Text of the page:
The National Endowment for the Arts was included for a special, one time appropriation of $50 million as a part of the $819 billion economic stimulus package (AKA "The American Recovery and Reinvestment Bill") proposed by President Obama and the passed by the US House of Representatives on Wednesday afternoon, it was reported by the NY Times, NPR, and several arts lobbying organizations on Thursday.
Few details are available are available as to the nature of the appropriation, save for that the NEA would target the money towards grants to artists and arts organizations, presumably those that are most severely affected by the loss of public and private funding as a result of the current economic downturn.
In a press release Information Regarding the Arts and Economic Stimulus issued on Thursday, the NEA stated that it has procedures in place to distribute funds efficiently and quickly to artists, which make up 1.4 percent of the work force, and nonprofit arts organizations, which support 5.7 million jobs.
“Arts organizations have been hit enormously hard by the current recession,” said former NEA chairman Dana Gioia--who led the agency during the last six years of the Bush Administration--in the press release. “They've seen their support drop from corporations, foundations, and municipalities. This infusion of funds will help sustain them, their staffs, and the artists they employ.”
The $50 million appropriation for the NEA is not included in the current economic stimulus package under consideration before the US Senate, which is expected to debate and vote upon it beginning on Monday.
In other NEA news, Patrice Powell has been appointed acting chairwoman of the organization by President Obama. She will succeed Gioia, who announced his intention to step down last September to return to his writing and literary criticism. Powell, has in served in several NEA positions since 1991, most recently as deputy chairwoman for states, regions and, local arts agencies. She will remain in the post until the president appoints a permanent chairperson later this year.
Another recent NEA announcement included good news for SUNY Fredonia based poet and associate professor of English Aimee Nezhukumatathil, a frequent contributor of poems to The News, whose two collections Miracle Fruit and At the Drive-In Volcanowe reviewed in this space.
Ms. Nezhukumatathil has been named one of 42 National Endowment for the Arts (NEA) Fellows in poetry for 2009. The designation, which provides $25,000 allocations to each recipient, is designed to encourage the creation of new works by allowing accomplished writers the time and means to write.
An award-winning poet best known for her skillful balance of lightness and seriousness of tone and lush descriptions of exotic foods and landscapes, Nezhukumatathil regularly draws upon her Filipino and Malayali background to give a unique perspective on love, loss and the narrative traditions of her pan-Asian heritage. Her debut collection Miracle Fruit, winner of the Tupelo Press First Book Prize in 2003, was also named ForeWord Magazine's Book of the Year in poetry, co-winner of the Global Filipino Literary Award, and finalist for the Asian American Literary Award and the Glasgow Prize from Shenandoah magazine.
Her second book At the Drive-In Volcano, released in 2007, won the Balcones Prize, an honor awarded each year for the most outstanding book of poetry by the Austin, Texas based Balcones Center.
A Chicago native, Nezhukumatathil spent her teen years in Western New York with her family, attending Gowanda Junior and Senior High School, before moving on to Ohio State University for her undergraduate and post graduate degrees. She was the 2005 recipient of the SUNY Fredonia Hagan Young Scholar Award, and also holds two SUNY-wide honors, the Drescher Award and Chancellor's Award for Scholarship and Creative Activities, for excellence in her record of publications, art production and performance.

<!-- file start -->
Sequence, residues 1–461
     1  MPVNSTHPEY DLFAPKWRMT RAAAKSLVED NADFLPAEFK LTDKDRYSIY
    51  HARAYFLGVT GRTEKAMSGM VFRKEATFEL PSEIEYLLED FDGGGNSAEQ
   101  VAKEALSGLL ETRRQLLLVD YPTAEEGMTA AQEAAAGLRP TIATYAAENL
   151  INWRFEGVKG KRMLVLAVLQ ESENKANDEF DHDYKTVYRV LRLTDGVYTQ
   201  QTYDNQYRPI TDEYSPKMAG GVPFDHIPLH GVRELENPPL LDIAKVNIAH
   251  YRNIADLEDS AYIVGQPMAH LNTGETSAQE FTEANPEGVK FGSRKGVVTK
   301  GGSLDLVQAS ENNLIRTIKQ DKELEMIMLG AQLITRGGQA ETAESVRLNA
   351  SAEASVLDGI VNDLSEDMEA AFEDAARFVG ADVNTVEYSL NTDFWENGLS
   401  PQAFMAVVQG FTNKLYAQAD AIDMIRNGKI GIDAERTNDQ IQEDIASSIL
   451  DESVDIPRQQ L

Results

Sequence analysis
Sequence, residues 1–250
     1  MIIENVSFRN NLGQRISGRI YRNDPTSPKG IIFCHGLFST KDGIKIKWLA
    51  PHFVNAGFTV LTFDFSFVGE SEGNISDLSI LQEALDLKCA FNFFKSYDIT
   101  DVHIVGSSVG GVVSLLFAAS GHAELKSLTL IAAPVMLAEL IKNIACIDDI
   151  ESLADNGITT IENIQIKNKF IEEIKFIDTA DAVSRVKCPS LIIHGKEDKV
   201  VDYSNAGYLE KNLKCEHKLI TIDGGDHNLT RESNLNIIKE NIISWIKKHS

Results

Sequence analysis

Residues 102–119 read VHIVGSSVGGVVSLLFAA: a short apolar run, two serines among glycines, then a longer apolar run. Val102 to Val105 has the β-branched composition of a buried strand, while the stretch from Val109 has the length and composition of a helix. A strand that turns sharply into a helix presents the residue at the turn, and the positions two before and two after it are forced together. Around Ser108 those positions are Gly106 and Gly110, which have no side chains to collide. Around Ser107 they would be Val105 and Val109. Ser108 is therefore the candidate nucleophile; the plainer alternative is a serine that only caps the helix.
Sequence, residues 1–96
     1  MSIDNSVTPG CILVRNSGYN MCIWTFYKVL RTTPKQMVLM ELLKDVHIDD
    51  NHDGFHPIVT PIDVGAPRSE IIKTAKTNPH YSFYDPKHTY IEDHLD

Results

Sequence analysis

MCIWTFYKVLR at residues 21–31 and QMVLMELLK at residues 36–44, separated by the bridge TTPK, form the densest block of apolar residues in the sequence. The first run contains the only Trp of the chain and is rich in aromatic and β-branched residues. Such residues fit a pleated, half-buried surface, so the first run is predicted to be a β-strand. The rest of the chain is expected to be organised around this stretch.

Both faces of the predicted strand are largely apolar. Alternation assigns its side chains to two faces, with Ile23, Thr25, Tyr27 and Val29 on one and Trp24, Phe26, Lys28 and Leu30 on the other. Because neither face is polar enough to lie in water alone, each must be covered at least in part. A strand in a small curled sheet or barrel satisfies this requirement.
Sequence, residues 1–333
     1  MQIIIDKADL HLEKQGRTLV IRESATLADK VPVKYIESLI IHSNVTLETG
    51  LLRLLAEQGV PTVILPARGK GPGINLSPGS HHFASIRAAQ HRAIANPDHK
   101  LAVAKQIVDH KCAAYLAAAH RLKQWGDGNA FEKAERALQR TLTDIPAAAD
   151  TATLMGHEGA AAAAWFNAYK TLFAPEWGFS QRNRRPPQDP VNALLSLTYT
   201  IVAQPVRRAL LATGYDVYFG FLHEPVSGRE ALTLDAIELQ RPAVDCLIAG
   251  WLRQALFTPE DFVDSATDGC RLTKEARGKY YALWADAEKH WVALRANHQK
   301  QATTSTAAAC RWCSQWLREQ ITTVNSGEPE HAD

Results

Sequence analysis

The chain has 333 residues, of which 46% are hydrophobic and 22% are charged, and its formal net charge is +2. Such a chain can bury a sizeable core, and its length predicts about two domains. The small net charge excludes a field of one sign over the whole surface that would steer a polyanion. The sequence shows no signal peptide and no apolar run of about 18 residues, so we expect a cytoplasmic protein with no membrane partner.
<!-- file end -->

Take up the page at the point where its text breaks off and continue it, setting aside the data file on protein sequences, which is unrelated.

Here's a weird one. A visit to the Alleyway Theatre's Web site today, an editor pointed out, features a prominent if cryptic perplexing warning against the use of the phone company Vonage:
It's always interesting to see theater companies using their resources to proselytize against communication companies, but this particular move strikes me as kind of bizarre, especially given that there's no further explanation.
An e-mail to Alleyway's Joyce Stilson cleared things up, to an extent. The phone company, she wrote, "put the theater through hell."
"The long and short of it was we were without service for almost 10 days and unable to do our box office stuff," Stilson wrote. "I was at first hesitant to have it on the webpage... Was afraid we might look like a crazy fanatic with an axe to grind. But then I thought about how we (also read as the little guy) got totally raked over the coals by one of the “big boys” and figured hey if we can make someone ask more questions before they sign up we would be doing them a huge favor."
You can certainly see where Stilson and Alleyway are coming from, but something makes me think that Vonage, thus spurned, isn't exactly quaking in its boots.
Since Monday, the arts blogsphere has been in a bona fide furor over the decision by Brandeis University to sell its eminent collection of modern and contemporary art and to close its Rose Art Museum to raise money for the cash-strapped institution.
(Below is "Seated Woman," a 1917 piece by Max Weber, which is part of the Rose Art Museum permanent collection. The collection also includes significant pieces by Willem de Kooning, Andy Warhol, Roy Lichtenstein and Jasper Johns.)
Yesterday, Brandeis president Jehuda Reinharz backtracked on the university's original announcement that it would "sell the collection" to say that it only intends to sell part of it. The school did not back away from its intention to shutter the Rose, however. Lots of people are looking at this as the art-world equivalent of hawking the family jewels.